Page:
The US government in May 2003 again placed Indonesia on the Special 301 Priority Watch List for inadequate protection of Intellectual Property Rights (IPR), where Indonesia has been since the 1980s. The Indonesian government has steadily improved the regulatory and legal framework for the protection of IPR; however, enforcement continues to fall short. US businesses reported that Indonesia ranks as the third largest producer of pirated products. They maintain that 90 percent of all CDs (audio, video, and software) sold in Indonesia are pirated and estimate that industry suffered losses in 2002 of USD 253 million, a 33 percent increase over prior year.
Indonesiaʹs new copyright law (Law 19/2002) takes effect on July 29, 2003. The new law increases fines up to Rp 500 million (USD 62,000) and provides for prison terms of up to five years for dealers of pirated materials. The law directs cases of alleged copyright violations to be tried in commercial courts, and for the rendering of judgments within
90 days. As part of the lawʹs implementation, the Ministry of Industry and Trade plans to issue optical disc regulations that would enhance the governmentʹs ability to identify and prosecute producers of pirated products. In an effort to enhance interagency coordination on enforcement, Indonesiaʹs Ministry of Justice recently formed an IPR task force made up of the national police, customs, attorney general, judiciary, and members of the computer software and entertainment industries. The task force has already conducted a few high profile raids.
Indonesia is a member of the World Intellectual Property Organization, but has not yet ratified the related WIPO Performances and Phonograms Treaty (WPPT). The Ministry of Justice prepared a Presidential decree ratifying WPPT last year, and Justice officials expect the President to sign the decree sometime in 2003. Indonesia acceded to numerous international conventions on intellectual property rights, including the Paris Convention for the Protection of Intellectual Property; the Berne Convention for the Protection of Literary and Artistic Works (with a reservation on Article 33); the Patent Cooperation Treaty; Trademark Law Treaty; the Nice Agreement for the International Classification of Unclassified Goods and Services.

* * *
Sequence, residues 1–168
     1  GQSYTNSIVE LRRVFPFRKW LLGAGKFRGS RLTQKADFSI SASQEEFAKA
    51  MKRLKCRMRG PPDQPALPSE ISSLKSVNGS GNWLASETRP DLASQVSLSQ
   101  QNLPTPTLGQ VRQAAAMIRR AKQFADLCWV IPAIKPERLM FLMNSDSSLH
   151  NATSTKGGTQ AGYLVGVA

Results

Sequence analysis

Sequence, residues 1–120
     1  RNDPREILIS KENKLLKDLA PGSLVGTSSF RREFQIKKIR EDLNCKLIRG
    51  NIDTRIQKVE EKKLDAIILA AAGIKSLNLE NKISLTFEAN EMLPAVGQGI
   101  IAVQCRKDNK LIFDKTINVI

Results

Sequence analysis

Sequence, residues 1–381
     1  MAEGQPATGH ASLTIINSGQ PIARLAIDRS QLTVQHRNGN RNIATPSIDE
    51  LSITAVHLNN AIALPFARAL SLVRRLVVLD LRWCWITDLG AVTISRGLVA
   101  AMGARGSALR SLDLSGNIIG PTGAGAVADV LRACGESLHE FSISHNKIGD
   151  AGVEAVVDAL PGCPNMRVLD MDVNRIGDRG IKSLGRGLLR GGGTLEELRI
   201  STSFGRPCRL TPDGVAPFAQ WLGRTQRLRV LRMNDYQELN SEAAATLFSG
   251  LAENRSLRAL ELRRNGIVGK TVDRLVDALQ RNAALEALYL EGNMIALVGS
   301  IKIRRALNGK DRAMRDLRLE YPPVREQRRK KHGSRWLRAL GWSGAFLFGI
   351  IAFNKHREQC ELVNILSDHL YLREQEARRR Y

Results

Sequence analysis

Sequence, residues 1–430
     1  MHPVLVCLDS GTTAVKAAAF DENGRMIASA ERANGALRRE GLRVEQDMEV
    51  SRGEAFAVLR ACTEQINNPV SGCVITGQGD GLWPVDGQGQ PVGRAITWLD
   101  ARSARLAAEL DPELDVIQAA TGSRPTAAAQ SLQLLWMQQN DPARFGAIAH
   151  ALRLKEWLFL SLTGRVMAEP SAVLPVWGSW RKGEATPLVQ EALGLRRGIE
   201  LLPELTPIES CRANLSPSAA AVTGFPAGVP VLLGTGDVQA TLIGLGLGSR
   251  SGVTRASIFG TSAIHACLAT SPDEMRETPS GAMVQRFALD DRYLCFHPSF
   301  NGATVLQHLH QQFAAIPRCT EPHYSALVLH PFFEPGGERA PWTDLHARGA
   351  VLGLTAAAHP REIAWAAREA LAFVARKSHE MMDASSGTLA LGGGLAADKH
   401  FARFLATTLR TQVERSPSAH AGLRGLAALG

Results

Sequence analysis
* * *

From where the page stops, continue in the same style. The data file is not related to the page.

Patents: The current patent law dates from 2001, which amended and consolidated in a single text all previous legislation. In 1997, Indonesian law extended the term of patent protection to 20 years from 14 years, and maintained the provision for a two‐year patent extension. The amendment allows for the patenting of plant and animals. However, some of the weaknesses of the old law persist. Chief among these flaws is the requirement that an inventor must produce a product or utilize a value‐added process in Indonesia in order to obtain patent protection for the product or process. Inventions that are contrary to Indonesian laws and regulations are excluded from patent ability, and the standard for excluding inventions without domestic content appears to be inconsistent with TRIPS requirements.
Trademarks: Indonesia enacted its new trademark law on August 1, 2001. Like the new patent law, the latest version consolidated into one text a series of trademark laws enacted over the past 20 years. The new law raised the maximum fine for trademark violations to Rp 1 billion (USD 95,000) and slightly reduced the maximum possible prison term. The government justified this move by claiming that financial penalties were a greater deterrent to IPR violators than imprisonment. Foreign rights holders, arguing that most IPR cases never result in the maximum sentence, had pushed for minimum sentencing guidelines rather than higher fines.
The trademark law provides for the determination of trademark rights by priority of registration, rather than by priority of commercial use. The law also provides for the protection of well‐known marks, but offers no administrative procedures or legal ground under which legitimate owners of well‐known marks can cancel pre‐existing registrations. Currently, the only avenue for challenging existing trademark registrations in Indonesia is through the commercial courts, which generally have issued decisions within three months upholding legitimate trademarks.